[40] For more on cultural extractivism, see Ramón Grosfoguel, “Del extractivismo económico al extractivismo epistémico y ontológico,” Revista Internacional de Comunicación y Desarrollo 1, no. 4 (2016): 33-45, and Amanda M. Smith, Mapping the Amazon: Literary Geography After the Rubber Boom (Liverpool: Liverpool University Press, 2021).

[41] Andrea Torreblanca, “Naturaleza de la imitación,” Tierra Adentro,

[42] According to Maya legend, the princess Yits Kaan fell in love with Ek’Kan, a warrior prince beneath her station. Her father prohibited their union, and condemned Ek’Kan to death. To save her lover from this fate, with the help of the Moon Goddess the princess transformed him into a gold-hued beetle—the Maquech (Zopherus chilensis) or escarabajo yucateco. She bedecked him with precious stones and fastened a thin gold chain to his body, so that she could wear him close to her heart. Ever since, the Maquech has been a regional adornment, a “living jewel” worn as a brooch or amulet by young women in love. In the early twentieth century, local businessmen saw the opportunity to transform the living jewel into a tourist attraction. By the second half of the century, it was a widely known and sought-after souvenir sold in markets in Mérida—where Irízar currently lives and works, although she is originally from Culiacán, Sinaloa. The Maquech is thus an item that indexes fashion, strangeness, beauty, exoticism, nature, and indigeneity all in one. Every year, insect gatherers known as Maquecheros from the Maya community in Huhí collect the Maquech beetle from decomposing wood in a nearby forest and sell them to local artisans who festoon the insect with rhinestones to be sold to tourists. About 4,000 Maquech beetles are sold as living jewels each year; as demand has increased, the beetle has been overhunted. This, along with habitat destruction in Huhí, has made the Maquech more difficult to find, prompting locals to worry about the future of this ancestral practice. Jesús Miss-Domínguez, Virginia Meléndez-Ramírez and Miguel Pinkus-Rendón, “Etnoecología del escarabajo Maquech (Zopherus chilensis Gray, 1832) en una comunidad de Yucatán México,” Revista Etnobiología 15, no. 1 (April 2017): 52.

[43] Fritzia Irízar, “Sin título (Makech)” video, Mazatlanica exhibit, Museo Universitario de Arte Contemporáneo 2019,

[44] Marcela Torres, “Fundidora: Landlocked?” in Incurable-Image: Curating Post-Mexican Film and Media Arts, Tarek Elhaik (Edinburgh: Edinburgh University Press, 2016), 151.

[45] Érika Ramírez, “Coca Cola acapara en México 28.2 millones de m3 de agua,” Contralínea, March 9, 2022,

[46] See Raúl Pacheco-Vega, “Agua embotellada en México: de la privatización del suministro a la mercantilización de los recursos hídricos,” Espiral 22, no. 63 (2015): 221-263.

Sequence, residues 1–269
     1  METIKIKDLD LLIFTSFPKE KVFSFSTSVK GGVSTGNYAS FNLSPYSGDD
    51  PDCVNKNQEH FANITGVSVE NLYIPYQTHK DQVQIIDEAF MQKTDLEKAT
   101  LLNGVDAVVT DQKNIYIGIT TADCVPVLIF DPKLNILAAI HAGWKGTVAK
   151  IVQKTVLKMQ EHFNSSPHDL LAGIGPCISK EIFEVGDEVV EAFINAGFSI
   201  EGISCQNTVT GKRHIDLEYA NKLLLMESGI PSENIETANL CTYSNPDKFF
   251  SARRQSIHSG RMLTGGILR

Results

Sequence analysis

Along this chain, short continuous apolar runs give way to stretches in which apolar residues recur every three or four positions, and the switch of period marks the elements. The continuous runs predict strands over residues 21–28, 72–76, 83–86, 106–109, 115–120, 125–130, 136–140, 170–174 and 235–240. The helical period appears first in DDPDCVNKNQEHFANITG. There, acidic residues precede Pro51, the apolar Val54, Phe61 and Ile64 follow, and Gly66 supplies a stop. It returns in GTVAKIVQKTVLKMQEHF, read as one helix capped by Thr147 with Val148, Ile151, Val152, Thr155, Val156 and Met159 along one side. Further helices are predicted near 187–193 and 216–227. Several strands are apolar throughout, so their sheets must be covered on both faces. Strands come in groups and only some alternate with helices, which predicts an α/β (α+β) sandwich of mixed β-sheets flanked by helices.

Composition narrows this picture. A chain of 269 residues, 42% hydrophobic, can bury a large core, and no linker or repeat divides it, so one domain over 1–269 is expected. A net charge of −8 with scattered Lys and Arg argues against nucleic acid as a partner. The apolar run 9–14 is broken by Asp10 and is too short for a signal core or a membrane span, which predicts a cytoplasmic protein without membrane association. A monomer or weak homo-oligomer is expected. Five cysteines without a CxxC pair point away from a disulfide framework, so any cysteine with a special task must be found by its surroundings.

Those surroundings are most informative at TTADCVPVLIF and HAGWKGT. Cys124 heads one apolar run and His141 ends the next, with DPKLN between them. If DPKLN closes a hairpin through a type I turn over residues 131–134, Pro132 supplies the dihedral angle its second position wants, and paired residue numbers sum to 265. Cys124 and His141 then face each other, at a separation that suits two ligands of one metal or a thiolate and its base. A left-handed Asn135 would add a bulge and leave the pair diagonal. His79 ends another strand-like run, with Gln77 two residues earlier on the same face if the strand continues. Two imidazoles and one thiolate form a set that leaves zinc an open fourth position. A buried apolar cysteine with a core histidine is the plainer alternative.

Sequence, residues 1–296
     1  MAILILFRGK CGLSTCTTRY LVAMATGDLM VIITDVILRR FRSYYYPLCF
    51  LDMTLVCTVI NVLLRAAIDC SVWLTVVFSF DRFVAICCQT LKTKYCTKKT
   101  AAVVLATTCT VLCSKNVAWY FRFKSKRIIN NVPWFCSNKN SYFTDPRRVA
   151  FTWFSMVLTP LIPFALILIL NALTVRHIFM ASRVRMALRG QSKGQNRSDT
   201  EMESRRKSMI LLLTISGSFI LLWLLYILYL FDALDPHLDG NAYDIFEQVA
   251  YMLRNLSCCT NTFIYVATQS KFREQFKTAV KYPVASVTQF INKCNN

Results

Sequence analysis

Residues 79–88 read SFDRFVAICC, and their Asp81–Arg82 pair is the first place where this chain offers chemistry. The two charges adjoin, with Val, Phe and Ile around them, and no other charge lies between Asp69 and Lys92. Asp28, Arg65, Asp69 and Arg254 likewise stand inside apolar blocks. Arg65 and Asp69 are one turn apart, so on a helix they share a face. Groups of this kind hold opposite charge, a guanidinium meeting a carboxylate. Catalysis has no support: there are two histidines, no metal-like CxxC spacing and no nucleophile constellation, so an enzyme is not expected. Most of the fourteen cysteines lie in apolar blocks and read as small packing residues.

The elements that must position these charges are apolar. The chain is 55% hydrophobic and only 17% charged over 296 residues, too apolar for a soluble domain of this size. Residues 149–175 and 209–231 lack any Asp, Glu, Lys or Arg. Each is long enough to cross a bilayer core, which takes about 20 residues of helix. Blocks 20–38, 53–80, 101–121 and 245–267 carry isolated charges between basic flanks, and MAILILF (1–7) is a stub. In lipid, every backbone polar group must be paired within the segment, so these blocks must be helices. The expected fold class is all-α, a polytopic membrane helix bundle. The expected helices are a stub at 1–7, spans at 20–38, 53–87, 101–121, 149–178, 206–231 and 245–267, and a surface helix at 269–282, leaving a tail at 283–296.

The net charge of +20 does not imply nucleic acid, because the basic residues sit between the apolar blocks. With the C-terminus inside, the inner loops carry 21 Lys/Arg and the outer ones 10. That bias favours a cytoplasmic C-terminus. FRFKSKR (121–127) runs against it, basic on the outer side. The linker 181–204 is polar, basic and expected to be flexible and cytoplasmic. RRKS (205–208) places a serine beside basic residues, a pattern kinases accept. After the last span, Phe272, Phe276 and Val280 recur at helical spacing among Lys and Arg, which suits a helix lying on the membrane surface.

[47] “The FEMSA Biennial will hold its 14th edition in Michoacán,” Press Release, January 14, 2020.

[48] “FEMSA Foundation,” accessed April 20, 2022,

[49] Valeria Luiselli, The Story of My Teeth, translated by Christina MacSweeney (Minneapolis: Coffee House Press, 2015), 10.

[50] Ruth G. Ornelas, “Organized Crime in Michoacán: Rent-Seeking Activities in the Avocado Export Market,” Politics and Policy 46, no. 5 (2018): 773.

[51] Alexis Shotwell, Against Purity: Living Ethically in Compromised Times (Minneapolis: University of Minnesota Press, 2016), 8. Complicity is complicated. First and foremost, the ecological footprint of Mexican arts and culture is far lower than that of its global north counterparts. This mirrors broader trends in which the average CO2 footprint of a person in the United States is four times greater than that of someone in Mexico.⁠ Zooming out, the difference is starker. To date, the U.S. has cumulatively produced 400 billion tons of CO2, twenty times that of Mexico’s 20 billion tons. Hannah Ritchie and Max Roser, “Mexico: CO2 Country Profile,” Our World in Data, accessed April 20, 2022,

[52] Carolyn Fornoff, “Mexican Cinema as Petrocinema,” Studies in Spanish and Latin American Cinema 18, no. 3 (2021): 377-387.

[53] Germán Vergara, Fueling Mexico: Energy and Environment, 1850-1950 (Cambridge: Cambridge University Press, 2021), 5.

[54] Vergara, Fueling Mexico, 5.

[55] “Cultura y Ciencia, con presupuestos bajos en 2021,” El Universal, November 12, 2020,

[56] Jean Fisher, “Minerva Cuevas and the Art of Parasitic Intervention,” Afterall 27 (Summer 2011): 59.

[57] Amy Sara Carroll, Remex: Toward an Art History of the NAFTA Era (Austin: University of Texas Press, 2017), 96.

[58] Justin Parks, “The Poetics of Extractivism and the Politics of Visibility,” Textual Practice 35, no. 3 (2021): 354.

[59] Gago, Neoliberalism from Below, 170.

[60] “AMLO se compromete a revisar contratos de periodo neoliberal y llama a mineras canadienses a explotar de manera limpia,” Proceso, March 18, 2019,

[61] Marx, Capital, 47.

[62] Theodor W. Adorno, Aesthetic Theory, trans. Robert Hullot-Kentor (London: Bloomsbury, 1997), 210.